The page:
By Kathryn Lundstrom
Saying that the city of Austin’s paid sick leave ordinance would “undermine state sovereignty and upend constitutional structure,” an attorney for the state of Texas joined lawyers for a conservative think tank on Wednesday in urging a state appeals court to uphold a temporary order blocking the ordinance from going into effect.
Passed by the city council in February, the ordinance requires most employers to offer eight days of earned sick leave for a year of work; six days for businesses with fewer than 15 employees. But it was blocked by the Austin-based 3rd Court of Appeals in August after business groups led by the Texas Public Policy Foundation sued the city.
Andrew Davis, an attorney with the Texas Attorney General’s Office, said in court that the paid sick leave ordinance effectively raises wages — and it’s the state’s job to set a minimum wage. The Texas Public Policy Foundation’s lead attorney, Rob Henneke, cited a “wide spectrum of businesses” that were asking for relief, and argued that a city mandate that exempts unionized businesses is unconstitutional.
Paul Matula, an attorney for Austin, sought to have the temporary block lifted, saying it was filed “before the facts had played out” in the case. The argument for the injunction wasn’t convincing, Matula said. But he did acknowledge that Austin businesses “would have to do some things” to prepare to comply with the ordinance.
The fight surrounding the ordinance has become somewhat routine in Texas – Austin’s liberal-leaning city council passes a local regulation, but conservative state lawmakers argue that it is an overreach. The fight then goes to the courts or the Legislature. In this case, it was the Texas Public Policy Foundation that sued, and then Texas Attorney General Ken Paxton lent his support, calling the paid sick leave ordinance “unlawful.”
The sick leave ordinance was scheduled to go into effect on Oct. 1, and if the appeals court lifts the block, it’s possible that the ordinance could go into effect immediately. Either way, the case is likely to drag on. The three-judge panel was focused solely on the temporary injunction on Wednesday, and a full trial on the merits of the case would still be down the road. Meanwhile, there are 29 lawmakers who’ve already pledged to pursue legislation banning the sick-leave ordinances when the Legislature convenes in January.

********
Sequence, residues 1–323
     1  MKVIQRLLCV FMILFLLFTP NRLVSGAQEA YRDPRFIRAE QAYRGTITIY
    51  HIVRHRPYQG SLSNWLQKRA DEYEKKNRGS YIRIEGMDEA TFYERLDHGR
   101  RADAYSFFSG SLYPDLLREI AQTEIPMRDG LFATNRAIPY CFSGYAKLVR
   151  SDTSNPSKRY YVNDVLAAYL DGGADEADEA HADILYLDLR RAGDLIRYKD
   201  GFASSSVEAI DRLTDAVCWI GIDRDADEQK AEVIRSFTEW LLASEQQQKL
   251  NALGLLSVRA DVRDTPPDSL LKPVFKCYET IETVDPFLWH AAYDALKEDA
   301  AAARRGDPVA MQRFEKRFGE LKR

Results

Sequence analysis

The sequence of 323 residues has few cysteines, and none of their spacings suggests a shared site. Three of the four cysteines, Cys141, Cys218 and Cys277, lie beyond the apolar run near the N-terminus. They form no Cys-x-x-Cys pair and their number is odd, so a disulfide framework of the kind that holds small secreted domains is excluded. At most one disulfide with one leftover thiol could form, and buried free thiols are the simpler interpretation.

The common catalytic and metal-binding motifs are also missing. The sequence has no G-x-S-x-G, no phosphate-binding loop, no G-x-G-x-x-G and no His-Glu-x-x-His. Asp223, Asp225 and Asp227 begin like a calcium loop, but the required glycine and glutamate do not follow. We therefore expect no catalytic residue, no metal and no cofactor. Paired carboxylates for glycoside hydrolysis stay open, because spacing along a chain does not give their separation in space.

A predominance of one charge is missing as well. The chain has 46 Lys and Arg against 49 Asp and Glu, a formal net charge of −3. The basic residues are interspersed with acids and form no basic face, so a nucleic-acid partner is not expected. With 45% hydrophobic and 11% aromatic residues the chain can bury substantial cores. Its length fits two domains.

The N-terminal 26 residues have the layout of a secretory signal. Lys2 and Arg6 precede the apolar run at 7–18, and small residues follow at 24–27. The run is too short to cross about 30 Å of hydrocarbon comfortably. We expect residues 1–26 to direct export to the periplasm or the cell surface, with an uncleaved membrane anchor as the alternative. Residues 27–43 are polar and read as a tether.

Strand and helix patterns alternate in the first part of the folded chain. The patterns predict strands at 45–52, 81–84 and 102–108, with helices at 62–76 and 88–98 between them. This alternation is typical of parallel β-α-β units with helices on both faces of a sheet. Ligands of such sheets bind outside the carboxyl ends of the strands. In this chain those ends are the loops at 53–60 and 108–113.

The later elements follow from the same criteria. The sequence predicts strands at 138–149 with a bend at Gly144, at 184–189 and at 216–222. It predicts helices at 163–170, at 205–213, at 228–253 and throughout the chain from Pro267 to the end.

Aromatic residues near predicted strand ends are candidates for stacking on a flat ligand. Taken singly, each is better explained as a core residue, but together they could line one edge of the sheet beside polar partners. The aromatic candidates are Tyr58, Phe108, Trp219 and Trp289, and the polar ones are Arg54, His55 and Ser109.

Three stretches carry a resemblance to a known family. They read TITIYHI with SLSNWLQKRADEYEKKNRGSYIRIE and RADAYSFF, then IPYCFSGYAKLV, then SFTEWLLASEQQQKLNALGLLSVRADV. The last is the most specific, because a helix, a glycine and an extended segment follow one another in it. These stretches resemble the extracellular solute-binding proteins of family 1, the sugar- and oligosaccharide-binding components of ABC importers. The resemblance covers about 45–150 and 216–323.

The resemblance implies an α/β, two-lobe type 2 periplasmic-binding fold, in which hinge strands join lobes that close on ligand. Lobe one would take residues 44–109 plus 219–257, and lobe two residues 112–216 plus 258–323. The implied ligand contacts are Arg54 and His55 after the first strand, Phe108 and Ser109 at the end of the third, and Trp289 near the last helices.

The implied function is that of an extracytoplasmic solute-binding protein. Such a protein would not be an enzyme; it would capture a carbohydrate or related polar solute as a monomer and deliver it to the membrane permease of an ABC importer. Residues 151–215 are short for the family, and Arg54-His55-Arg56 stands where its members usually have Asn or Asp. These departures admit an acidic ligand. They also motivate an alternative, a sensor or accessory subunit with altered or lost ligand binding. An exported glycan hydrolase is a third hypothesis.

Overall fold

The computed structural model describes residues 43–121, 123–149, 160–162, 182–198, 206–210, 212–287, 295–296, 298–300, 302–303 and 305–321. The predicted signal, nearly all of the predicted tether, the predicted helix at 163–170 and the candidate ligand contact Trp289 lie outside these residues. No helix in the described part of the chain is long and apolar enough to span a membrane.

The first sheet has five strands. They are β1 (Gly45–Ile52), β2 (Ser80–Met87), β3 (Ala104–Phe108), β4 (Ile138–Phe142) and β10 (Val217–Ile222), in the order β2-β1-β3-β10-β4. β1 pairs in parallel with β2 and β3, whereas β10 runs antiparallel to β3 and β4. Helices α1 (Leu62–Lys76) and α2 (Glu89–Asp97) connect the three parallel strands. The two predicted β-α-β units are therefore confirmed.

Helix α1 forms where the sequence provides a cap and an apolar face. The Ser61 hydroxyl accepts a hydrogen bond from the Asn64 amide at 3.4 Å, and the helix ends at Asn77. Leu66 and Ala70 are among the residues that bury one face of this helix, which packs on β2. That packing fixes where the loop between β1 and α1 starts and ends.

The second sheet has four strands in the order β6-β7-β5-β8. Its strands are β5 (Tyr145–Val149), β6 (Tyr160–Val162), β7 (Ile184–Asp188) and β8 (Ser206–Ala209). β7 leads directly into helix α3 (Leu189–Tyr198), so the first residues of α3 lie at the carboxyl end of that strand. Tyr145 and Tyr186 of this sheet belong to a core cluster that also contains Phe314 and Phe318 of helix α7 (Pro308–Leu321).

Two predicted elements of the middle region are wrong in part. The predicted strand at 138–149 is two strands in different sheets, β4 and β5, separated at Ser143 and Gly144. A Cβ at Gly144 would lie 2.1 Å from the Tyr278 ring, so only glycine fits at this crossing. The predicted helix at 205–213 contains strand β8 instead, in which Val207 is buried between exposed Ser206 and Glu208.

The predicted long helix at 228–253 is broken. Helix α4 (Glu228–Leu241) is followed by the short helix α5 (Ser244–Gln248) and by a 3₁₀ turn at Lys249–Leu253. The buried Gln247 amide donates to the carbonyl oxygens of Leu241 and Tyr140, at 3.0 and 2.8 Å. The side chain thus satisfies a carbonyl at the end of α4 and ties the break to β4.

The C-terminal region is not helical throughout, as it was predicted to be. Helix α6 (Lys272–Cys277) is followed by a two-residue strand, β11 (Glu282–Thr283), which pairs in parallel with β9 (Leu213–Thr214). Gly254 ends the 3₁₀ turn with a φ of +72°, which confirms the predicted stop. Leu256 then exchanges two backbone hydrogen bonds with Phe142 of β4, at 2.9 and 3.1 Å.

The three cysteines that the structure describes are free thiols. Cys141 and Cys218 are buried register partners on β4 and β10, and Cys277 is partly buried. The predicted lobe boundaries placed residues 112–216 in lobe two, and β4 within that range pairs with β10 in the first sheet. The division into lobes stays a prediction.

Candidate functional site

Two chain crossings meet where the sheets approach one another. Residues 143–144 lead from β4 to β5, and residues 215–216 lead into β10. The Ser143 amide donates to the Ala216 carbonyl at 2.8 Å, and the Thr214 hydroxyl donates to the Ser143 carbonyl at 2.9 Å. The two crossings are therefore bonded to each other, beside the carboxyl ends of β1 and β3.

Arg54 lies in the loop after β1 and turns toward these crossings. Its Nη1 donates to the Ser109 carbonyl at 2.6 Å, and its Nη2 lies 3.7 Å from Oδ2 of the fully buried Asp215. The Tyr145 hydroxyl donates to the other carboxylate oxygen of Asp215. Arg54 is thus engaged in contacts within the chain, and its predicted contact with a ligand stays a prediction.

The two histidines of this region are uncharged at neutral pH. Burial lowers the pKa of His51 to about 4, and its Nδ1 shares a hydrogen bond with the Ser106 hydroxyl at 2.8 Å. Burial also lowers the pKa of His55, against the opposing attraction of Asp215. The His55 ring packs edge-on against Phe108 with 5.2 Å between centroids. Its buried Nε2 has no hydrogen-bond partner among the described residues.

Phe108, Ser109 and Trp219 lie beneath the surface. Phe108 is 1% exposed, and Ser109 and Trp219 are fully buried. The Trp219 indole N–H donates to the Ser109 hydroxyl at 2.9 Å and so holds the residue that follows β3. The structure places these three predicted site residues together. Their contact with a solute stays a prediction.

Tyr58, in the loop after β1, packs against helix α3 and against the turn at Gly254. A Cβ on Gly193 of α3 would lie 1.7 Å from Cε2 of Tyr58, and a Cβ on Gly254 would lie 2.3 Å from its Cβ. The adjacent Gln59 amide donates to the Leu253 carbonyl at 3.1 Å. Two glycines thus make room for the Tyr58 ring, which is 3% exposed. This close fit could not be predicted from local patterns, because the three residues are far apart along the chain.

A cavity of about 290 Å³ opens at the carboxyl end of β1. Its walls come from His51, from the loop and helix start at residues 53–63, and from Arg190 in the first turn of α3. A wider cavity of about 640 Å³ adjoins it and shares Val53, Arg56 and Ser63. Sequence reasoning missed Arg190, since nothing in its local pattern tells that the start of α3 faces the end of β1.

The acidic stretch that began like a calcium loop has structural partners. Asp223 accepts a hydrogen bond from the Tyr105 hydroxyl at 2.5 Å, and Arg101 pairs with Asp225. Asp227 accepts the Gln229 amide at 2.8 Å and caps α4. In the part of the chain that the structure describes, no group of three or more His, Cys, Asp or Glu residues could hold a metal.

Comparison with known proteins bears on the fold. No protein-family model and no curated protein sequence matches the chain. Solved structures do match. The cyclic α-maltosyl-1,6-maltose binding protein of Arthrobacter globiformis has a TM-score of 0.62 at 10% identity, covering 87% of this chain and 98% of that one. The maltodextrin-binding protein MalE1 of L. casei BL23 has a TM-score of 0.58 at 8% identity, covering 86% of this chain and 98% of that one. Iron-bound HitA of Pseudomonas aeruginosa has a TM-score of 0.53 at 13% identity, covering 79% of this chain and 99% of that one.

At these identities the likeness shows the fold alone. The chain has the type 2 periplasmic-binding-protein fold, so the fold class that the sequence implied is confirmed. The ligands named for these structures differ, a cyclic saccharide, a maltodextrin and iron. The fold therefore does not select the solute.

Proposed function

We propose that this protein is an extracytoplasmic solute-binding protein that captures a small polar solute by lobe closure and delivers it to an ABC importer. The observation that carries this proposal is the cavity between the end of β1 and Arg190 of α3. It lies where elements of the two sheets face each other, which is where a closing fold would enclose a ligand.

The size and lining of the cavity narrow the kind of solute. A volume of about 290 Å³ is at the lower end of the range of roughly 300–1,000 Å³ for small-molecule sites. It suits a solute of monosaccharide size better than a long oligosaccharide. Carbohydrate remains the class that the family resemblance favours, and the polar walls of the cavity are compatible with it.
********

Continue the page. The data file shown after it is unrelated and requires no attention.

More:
When the ordinance passed, it looked like Austin would be the first city in the South to guarantee paid sick leave. San Antonio followed suit, passing a nearly identical ordinance in August. And in Dallas, a petition to put paid sick leave on the ballot garnered 52,885 valid signatures, falling short of the 10 percent requirement by less than a thousand.
“Thousands of people in three Texas cities have spoken and made clear that they want to be able to take a day off when they get sick,” said Jose Garza, executive director of the Workers Defense Action Fund, which has pushed for the ordinances. “As has become customary, our statewide leadership is working to undermine working people across the state of Texas.”
Alex Orman, co-owner of local restaurant L’Oca d’Oro, said his business plans to comply with the ordinance whether or not it’s implemented.
“As a small business – we’re around 25 employees – there are a lot of things we’d like to do but can’t afford to do yet,” he said. “This is easily one of the least expensive benefits we can provide.”
In contrast, the Texas Public Policy Foundation has argued that “paid sick leave comes at a high cost for to employers and to workers themselves,” in addition to violating state law. That’s because of the estimated costs associated with complying with the ordinance, said Sarah Silberstein, the think tank’s press secretary. Silberstein cited the Austin Chamber of Commerce’s estimate that the ordinance could cost businesses $140 million annually in overhead. And that could trickle down to workers, leading to fewer jobs and less paid vacation time, Silberstein said.
Reporting is provided as part of Community Impact Newspaper’s partnership with The Texas Tribune.